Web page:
The Tourmalet signals the real Vuelta a España start but can Evenepoel survive a Jumbo and UAE onslaught?

Stage 13 race preview: Jumbo-Visma and UAE Team Emirates look to ramp up pressure on the Belgian as they eye Vuelta and world domination

Clock21:05, Thursday 7th September 2023
Remco Evenepoel, flanked by the Jumbo-Visma leading duo of Vingegaard and Roglič

© Velo Collection (TDW) / Getty Images

Remco Evenepoel, flanked by the Jumbo-Visma leading duo of Vingegaard and Roglič

Brutal. That’s the first and only word that springs to mind when analysing the profile for stage 13 of the Vuelta a España.

With over 4,000 metres of vertical climbing and four categorised ascents, including the Col d'Aubisque and the monstrous Col du Tourmalet, it’s little wonder that the GC riders soft pedalled their way up the final climb on stage 11.

For all intents and purposes, and after several brief but survivable skirmishes in the open week and a half, the 2023 Vuelta a España is set to detonate in the French Pyrenees.

While it’s impossible to determine the final outcome of such a pivotal stage there are key factors that will create a passageway for the victorious as well as the vanquished.

Vuelta a España GC battle wide open

At present there are ten riders separated by a shade over three minutes on GC with Sepp Kuss (Jumbo-Visma) resplendent in red and Marc Soler (UAE Team Emirates) at a meagre 26 seconds in arrears. Remco Evenepoel (Soudal QuickStep) is at 1:09, with race favourite Primož Roglič (Jumbo-Visma) a further 23 seconds down. 

The plucky and hugely talented Lenny Martinez (Groupama-FDJ), as well as João Almeida (UAE Team Emirates), Jonas Vingegaard (Jumbo-Visma), Juan Ayuso (UAE Team Emirates), Enric Mas (Movistar) and Aleksandr Vlasov (Bora-Hansgrohe) complete the top ten, with almost all of the pre-race favourites still in contention for at least a podium spot. In truth, only Geraint Thomas (Ineos Grenadiers) has been cut adrift at this point.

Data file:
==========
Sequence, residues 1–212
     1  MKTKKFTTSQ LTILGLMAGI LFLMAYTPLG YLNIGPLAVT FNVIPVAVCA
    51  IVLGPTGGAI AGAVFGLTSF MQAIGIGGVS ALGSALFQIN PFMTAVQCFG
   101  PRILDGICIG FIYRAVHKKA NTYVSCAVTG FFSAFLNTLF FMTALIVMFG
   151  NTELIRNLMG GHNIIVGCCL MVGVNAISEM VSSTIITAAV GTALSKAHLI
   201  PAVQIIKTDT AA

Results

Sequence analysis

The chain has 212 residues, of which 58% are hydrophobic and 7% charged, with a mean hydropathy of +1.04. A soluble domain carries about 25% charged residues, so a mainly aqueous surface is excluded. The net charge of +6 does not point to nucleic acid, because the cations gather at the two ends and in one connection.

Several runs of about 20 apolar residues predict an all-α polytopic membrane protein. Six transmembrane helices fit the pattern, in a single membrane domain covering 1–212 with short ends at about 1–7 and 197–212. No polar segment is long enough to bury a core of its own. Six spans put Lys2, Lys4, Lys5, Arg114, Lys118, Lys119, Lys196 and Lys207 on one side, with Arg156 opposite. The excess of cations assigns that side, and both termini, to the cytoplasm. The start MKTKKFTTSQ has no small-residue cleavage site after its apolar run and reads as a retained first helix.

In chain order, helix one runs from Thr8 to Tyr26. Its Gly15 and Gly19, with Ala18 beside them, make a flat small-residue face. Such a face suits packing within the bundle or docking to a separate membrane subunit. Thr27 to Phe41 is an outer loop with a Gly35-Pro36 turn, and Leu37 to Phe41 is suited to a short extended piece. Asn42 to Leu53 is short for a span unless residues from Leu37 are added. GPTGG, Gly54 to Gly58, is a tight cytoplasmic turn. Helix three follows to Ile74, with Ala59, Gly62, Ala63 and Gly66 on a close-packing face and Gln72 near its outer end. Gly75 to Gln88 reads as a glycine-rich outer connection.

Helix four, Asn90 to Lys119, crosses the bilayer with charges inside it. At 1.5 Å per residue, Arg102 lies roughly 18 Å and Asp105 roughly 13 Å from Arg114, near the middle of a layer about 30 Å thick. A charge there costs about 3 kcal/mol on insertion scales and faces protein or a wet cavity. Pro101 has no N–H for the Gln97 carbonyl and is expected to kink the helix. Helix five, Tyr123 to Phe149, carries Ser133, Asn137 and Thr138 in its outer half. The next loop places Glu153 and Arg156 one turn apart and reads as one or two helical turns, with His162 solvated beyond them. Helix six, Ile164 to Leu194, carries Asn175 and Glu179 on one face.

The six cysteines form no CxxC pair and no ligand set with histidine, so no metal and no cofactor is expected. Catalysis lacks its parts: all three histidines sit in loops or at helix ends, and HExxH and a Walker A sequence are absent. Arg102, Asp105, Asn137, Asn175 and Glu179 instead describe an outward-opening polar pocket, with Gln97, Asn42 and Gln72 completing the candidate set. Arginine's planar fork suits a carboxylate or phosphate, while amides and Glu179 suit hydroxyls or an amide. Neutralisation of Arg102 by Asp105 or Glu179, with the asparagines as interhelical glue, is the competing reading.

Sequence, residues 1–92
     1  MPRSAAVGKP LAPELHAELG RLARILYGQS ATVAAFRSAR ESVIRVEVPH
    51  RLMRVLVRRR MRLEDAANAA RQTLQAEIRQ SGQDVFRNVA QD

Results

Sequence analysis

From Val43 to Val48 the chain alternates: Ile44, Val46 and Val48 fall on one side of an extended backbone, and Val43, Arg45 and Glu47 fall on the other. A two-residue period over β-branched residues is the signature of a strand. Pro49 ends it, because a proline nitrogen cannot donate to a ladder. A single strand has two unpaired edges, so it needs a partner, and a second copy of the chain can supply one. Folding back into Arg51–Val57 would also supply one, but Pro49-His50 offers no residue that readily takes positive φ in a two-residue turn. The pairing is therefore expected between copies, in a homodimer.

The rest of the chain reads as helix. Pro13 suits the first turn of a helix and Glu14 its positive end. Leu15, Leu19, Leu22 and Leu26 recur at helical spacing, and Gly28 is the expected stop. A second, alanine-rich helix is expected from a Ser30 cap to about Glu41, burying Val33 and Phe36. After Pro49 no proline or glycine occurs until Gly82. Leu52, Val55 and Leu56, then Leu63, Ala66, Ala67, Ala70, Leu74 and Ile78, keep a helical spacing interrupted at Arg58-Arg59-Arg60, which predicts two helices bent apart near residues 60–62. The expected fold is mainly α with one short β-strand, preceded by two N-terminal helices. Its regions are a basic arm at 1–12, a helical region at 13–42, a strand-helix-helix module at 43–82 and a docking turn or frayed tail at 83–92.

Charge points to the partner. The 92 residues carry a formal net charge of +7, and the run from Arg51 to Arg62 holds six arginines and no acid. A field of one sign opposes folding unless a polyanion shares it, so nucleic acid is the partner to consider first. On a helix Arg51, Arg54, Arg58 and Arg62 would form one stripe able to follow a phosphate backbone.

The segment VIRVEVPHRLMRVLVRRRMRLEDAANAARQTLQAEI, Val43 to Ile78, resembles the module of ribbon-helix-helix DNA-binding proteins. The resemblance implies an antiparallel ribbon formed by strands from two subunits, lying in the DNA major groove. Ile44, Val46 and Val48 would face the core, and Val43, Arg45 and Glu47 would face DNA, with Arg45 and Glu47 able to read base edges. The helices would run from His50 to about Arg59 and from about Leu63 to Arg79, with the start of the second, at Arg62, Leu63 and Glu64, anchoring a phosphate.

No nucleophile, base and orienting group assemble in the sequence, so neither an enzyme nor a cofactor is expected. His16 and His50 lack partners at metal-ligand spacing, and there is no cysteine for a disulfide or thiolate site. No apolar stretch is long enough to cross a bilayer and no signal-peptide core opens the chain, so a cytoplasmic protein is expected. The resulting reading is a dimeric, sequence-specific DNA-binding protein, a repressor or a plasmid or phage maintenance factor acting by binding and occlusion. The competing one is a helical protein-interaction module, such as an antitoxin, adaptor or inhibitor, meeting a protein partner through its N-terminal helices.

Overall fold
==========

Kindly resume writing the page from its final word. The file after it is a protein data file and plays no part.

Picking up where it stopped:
The key question heading into the stage is whether Evenepoel can handle an expected onslaught from UAE Team Emirates and Jumbo-Visma, because both teams will be determined to test the young Belgian now that this year’s time trialing has been completed. Both teams fear the defending champion but the stark reality facing the Soudal rider is that he doesn’t have an advantage in the overall standings, despite two tests against the clock. And come Friday’s stage it’s likely to become abundantly clear that while his team support have talent, they do not have the resources to control such a demanding stage.

A quick reminder of the GC. There are six riders from two rival teams inside the top ten, and as talented as Evenepoel is he can’t mark a hexad of hazards. That’s not to say that the Soudal rider’s Vuelta defence will end on the Tourmalet, but significant factors will have have to go his way if he is to remain in contention. This could be his sternest test yet in a three week race.

Who are the real Vuelta a España leaders?

Meanwhile, it’s still not entirely clear who UAE Team Emirates are riding for. Marc Soler produced the time trial of his life on stage 10 but is he really the candidate on which the team hopes to mount a challenge for the red jersey? It's unlikely.

Juan Ayuso and João Almeida have looked competent throughout but do not have the power to drop Roglič at this point. Over at Jumbo-Visma the pattern of leadership is perhaps a little clearer but still slightly fuzzy.